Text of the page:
In cities, the biggest threat comes from pick pockets. Europe is home to countless gangs of experienced pick pockets who hop around the EU from city to city targeting tourists. If you walk around carrying valuables in a pocket that isn’t zipped shut, you’re going to be an easy target.

The bottom line – if you have zips on your pockets and don’t leave valuables in sight in your parked car, you can massively reduce your chances of theft and robbery.

How to stay safe on a night out

Ireland is world-renowned for its nightlife. The main entertainment precincts of Dublin, Cork and Galway attract international visitors who are keen for a rowdy night of drinking Guinness beer and Irish whiskey. This has created attractive destinations for criminals seeking to rob and steal from drunk travelers.

The most obvious way to protect yourself against this is by not getting so inebriated that you make yourself a soft target. But it also helps to be aware of common techniques used by criminals in these areas:

  • Many criminals will approach tourists and pretend to be a friendly local, keen to show you an amazing, little-known Irish pub. Don’t follow them
  • Strangers may also try to distract you by hugging you or asking you to join them in singing an Irish song. Politely decline – they may be distracting you or setting you up for a theft or robbery.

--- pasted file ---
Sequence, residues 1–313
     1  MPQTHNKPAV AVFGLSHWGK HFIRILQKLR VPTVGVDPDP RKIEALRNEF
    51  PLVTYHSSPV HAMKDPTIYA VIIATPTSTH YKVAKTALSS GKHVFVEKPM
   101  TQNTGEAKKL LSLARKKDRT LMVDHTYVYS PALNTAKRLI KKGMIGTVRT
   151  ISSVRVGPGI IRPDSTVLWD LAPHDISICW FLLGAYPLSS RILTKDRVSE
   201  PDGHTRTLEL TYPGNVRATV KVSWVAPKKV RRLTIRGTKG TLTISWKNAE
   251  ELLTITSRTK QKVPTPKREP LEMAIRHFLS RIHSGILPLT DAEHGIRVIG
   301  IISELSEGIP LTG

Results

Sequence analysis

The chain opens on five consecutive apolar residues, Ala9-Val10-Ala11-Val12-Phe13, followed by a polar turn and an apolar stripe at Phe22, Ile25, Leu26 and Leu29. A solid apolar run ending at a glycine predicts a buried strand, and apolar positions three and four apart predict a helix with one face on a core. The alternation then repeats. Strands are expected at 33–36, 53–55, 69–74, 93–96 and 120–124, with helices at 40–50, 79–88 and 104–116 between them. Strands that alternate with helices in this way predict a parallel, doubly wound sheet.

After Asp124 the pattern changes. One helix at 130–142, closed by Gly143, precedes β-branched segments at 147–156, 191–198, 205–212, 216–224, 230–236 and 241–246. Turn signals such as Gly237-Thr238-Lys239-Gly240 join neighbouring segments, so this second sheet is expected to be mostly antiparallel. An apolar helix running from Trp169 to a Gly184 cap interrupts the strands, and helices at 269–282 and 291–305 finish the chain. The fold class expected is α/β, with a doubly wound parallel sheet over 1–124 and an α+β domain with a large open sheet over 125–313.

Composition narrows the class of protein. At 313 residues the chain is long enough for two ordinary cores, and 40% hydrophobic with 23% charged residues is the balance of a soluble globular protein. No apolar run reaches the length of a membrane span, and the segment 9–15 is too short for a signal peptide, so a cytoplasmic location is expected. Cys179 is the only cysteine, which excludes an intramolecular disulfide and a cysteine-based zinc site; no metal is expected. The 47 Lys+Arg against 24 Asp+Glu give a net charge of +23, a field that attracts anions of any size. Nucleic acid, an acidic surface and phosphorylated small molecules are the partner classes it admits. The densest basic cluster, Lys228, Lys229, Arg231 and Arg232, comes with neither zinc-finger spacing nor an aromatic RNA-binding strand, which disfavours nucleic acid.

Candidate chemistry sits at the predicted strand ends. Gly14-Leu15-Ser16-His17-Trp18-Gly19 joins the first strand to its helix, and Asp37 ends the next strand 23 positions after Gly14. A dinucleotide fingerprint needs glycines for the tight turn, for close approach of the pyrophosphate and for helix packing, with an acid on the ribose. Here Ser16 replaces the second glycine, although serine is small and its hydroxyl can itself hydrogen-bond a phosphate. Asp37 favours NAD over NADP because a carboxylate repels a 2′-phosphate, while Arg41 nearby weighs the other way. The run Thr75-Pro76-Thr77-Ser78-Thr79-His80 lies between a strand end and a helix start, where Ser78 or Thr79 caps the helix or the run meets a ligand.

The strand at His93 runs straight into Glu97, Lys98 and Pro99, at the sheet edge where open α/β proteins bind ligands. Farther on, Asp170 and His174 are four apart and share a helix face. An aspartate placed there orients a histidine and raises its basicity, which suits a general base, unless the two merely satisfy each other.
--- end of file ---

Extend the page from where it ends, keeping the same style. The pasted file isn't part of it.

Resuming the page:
This doesn’t mean you need to be paranoid and unfriendly to locals while in Ireland’s nightlife areas. Just be cautious. That includes keeping an eye on your beer or glass of wine to protect against drink spiking. Although this crime carries a maximum penalty of 10 years’ jail in Ireland, it remains a significant problem, particularly in places like Dublin’s Temple Bar district and Galway’s Latin Quarter. 

Credit card crime in Ireland

There is at least US $40 million worth of card-related fraud in Ireland each year. More than half of this is what Irish police call “Card Not Present” fraud. That’s where a criminal uses stolen credit card details to make purchases over the internet or phone.

The most common way criminals gain these details is through card skimming, where a small device is attached to an ATM or card reader that records the details of every card that is scanned.

Irish police in recent years have arrested dozens of criminals linked to card skimming, but have warned it remains prevalent. These criminals target ATMs which are vulnerable, like those in the walls of pubs or convenience stores.

The best way to protect against skimming is to use ATMs that are inside banks, making them far harder for criminals to access and tamper with.

Listen to The World Nomads Podcast episode on Ireland

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2 Comments

  • miumiu said

    We have a reason people become enslaved drugs. The psychiatric aspect of obsession with drugs can be quite powerful. Our minds are very complex and also the thoughts we have may become rulers in our lives.

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  • David from travelscams.org said

    Thanks for sharing Phil! If we may share what we have been receiving reports of recently (https://travelscams.org/europe/ireland/), watch out for pickpockets, mostly in Dublin. On a related note, a scam to watch out for here is taxi scams especially at Dublin Airport, though thankfully, the gardai is clamping down on it.